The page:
ESC515 final blog post: Personal position on the use of technology in the classroom

Technology surrounds us in our daily lives and it makes sense to incorporate it into a VET classroom. As adult students today see technology as a critical part of their learning (Jelfs & Richardson, 2013) it’s important to choose technology that’s easy to use and learners are familiar with (Luckin et al., 2009). The choice of technology and effectiveness of activity design are critical for remote learners to prevent students disengaging from the content (Hai-Jew, 2011).

Design of activities for adult learners needs to be authentic, active learning tasks which include scaffolding. Tasks using technology that are linked to the workplace, as in VET, allow for transference of skills into the ‘real-world’ tasks, allowing a deeper understanding of the content (Herrington & Parker, 2013). It’s critical to for teachers to be aware of their content knowledge, pedagogical knowledge and personal level of technological knowledge, which forms the TPACK framework (Koehler & Mishra, 2009). A teachers TPACK will change depending on what curriculum and class cohort they teach. A TIPS process can help the teacher utilize their TPACK for designing an e-learning augmented program (Roblyer, 2013).

Being able to evaluate the technology using the affordances empowers a teacher to ensure technology being chosen links to curriculum. Technology use should be driven by the curriculum and design and not the other way around (Bower, 2008). Many Western Australian VET practitioners work in enterprise government agency Registered Training Organisations delivering training and, from time to time, are told a specific technology to use for delivery with no consideration to curriculum. Technology used goes through a stringent approval process in government, which does not guarantee access to technology requested for training, due to ICT department restrictions (Bigum, 2012). Using Bower’s affordance framework to outline specific needs for technology, such as the use of mobile technology or social media, means that ICT are informed regarding educational use.

Mobile technology and social media is starting to have a greater impact in the classroom. Many educators are harnessing Web 2.0 technologies to create engaging and student centric learning environments (Cochrane, 2010). There is a misnomer that all ‘digital native’ students (Prensky, 2001) know how to use mobile technology and social media to manage information for education (Callens, 2014). In her 2014 article Callens outlined Bloom’s Digital taxonomy in relation to social media and provides lessons on how to utilize social media in a classroom to augment students learning and exploration of content, which can be transferred into any adult training situation. For example a State Training Provider in Western Australia implemented LinkedIn as a key technology for their training (DTWD, 2014). As part of implementing technology an audit and quality assurance process to select the right technology is very important.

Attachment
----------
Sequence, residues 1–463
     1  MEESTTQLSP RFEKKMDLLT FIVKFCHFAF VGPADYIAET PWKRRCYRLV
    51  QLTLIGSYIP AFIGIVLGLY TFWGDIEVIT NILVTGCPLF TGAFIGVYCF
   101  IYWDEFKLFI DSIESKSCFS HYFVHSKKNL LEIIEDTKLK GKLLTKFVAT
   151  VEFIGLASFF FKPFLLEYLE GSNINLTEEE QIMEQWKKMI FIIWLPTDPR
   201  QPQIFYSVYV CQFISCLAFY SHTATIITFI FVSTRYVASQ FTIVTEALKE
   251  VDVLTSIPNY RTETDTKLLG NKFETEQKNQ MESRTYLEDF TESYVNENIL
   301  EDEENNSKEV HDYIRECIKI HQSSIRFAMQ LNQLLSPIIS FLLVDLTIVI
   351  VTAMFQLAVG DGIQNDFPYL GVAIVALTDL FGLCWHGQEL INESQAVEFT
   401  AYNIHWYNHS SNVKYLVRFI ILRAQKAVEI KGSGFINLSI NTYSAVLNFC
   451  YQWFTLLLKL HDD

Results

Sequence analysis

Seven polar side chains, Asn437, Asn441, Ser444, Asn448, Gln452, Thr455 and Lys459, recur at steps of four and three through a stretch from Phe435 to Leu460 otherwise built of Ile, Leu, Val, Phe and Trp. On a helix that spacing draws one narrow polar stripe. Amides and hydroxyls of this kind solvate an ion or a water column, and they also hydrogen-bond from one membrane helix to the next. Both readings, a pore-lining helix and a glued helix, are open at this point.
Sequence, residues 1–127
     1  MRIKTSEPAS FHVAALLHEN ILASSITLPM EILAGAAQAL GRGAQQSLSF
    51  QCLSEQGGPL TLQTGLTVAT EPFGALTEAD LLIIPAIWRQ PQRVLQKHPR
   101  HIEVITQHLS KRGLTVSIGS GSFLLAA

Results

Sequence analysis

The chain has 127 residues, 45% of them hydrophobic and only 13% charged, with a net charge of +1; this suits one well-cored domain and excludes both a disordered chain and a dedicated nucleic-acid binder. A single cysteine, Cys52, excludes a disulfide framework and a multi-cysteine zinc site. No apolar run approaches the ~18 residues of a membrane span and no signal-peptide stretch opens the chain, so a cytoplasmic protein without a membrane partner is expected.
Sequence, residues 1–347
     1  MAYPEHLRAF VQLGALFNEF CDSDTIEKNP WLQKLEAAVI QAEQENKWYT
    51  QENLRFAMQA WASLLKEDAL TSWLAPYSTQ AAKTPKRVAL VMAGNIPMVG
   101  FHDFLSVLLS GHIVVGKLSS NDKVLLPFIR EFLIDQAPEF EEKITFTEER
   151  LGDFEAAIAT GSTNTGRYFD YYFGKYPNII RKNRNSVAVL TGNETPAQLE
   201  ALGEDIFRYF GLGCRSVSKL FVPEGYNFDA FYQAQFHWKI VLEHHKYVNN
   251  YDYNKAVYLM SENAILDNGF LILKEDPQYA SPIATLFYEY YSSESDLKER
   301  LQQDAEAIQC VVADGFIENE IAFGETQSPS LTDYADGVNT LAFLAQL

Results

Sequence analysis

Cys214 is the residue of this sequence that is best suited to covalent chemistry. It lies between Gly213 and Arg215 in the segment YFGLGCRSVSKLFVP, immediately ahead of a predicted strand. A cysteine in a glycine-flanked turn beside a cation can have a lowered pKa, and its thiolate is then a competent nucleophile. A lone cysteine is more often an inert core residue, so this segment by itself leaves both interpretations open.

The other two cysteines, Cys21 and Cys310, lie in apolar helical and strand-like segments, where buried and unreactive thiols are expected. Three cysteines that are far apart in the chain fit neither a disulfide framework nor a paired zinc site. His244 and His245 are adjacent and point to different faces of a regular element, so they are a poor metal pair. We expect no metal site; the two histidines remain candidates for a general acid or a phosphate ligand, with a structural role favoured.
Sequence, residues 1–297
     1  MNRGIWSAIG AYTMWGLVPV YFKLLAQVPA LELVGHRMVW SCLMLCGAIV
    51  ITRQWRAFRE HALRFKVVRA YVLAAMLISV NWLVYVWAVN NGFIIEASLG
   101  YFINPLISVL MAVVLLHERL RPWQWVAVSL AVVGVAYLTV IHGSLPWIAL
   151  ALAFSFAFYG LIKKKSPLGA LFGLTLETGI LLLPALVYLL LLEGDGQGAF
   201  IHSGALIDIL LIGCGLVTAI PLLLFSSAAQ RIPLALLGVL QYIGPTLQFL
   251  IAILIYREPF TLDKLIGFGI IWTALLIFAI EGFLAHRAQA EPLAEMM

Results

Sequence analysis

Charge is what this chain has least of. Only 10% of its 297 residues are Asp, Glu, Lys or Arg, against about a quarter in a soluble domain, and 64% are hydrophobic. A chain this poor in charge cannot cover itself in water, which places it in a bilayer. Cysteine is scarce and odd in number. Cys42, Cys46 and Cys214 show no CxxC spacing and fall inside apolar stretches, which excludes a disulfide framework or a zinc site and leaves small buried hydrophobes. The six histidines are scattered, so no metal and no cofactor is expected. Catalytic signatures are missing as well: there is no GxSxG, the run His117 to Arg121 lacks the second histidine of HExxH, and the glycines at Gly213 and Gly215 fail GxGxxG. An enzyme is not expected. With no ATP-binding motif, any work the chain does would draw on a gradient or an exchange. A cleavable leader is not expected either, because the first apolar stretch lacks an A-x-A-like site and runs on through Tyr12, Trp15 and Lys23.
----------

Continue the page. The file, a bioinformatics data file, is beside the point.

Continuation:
When choosing a technology it’s useful to implement a ‘use audit’ to understand technologies that students are familiar with for ease of integration into classes (Lukin et al., 2009). O’Brien & Maor (2013) concluded that teachers focusing on transferable knowledge by structuring authentic activities and using appropriate technologies enable adult learners to achieve deeper understanding of content and apply to their workplaces smoothly. A lofty ideal for VET, but one individual teachers can work towards.



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Hai-Jew, S. (2011). Structuring and Facilitating Online Learning through Learning / Course Management Systems. In V. Wang (Ed.), Encyclopedia of Information Communication Technologies and Adult Education Integration (pp. 257-274). Hershey, PA: doi:10.4018/978-1-61692-906-0.ch016

Herrington, J., & Parker, J. (2013). Emerging technologies as cognitive tools for authentic learning. British Journal of Educational Technology, 44(4). doi:10.1111/bjet.12048

Jelfs, A., & Richardson, J. (2013). The use of digital technologies across the adult life span in distance education. British Journal of Educational Technology, 44(2). doi:10.1111/j.1467-8535.2012.01308.x

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Luckin, R., Clark, W., Logan, K., Graber, R., Oliver, M., & Mee, A. (2009). Do Web 2.0 tools really open the door to learning: practices, perceptions and profiles of 11-16 year old learners?. Learning, Media and Technology, 34(2). Retrieved from

McCorkle, D., & McCorkle, Y. (2012). Using Linkedin in the Marketing Classroom: Exploratory Insights and Recommendations for Teaching Social Media/Networking. Marketing Education Review, 22(2), 157-166. doi:10.2753/mer1052-8008220205

O’Brien, T & Maor, D. (2013). Pipe dreams or digital dreams: Technology, pedagogy and content knowledge in the vocational educational and training sector. Retrieved from’Brien.pdf

Roblyer, M. (2013). Integrating Educational Technology into Teaching. Harlow: Pearson.

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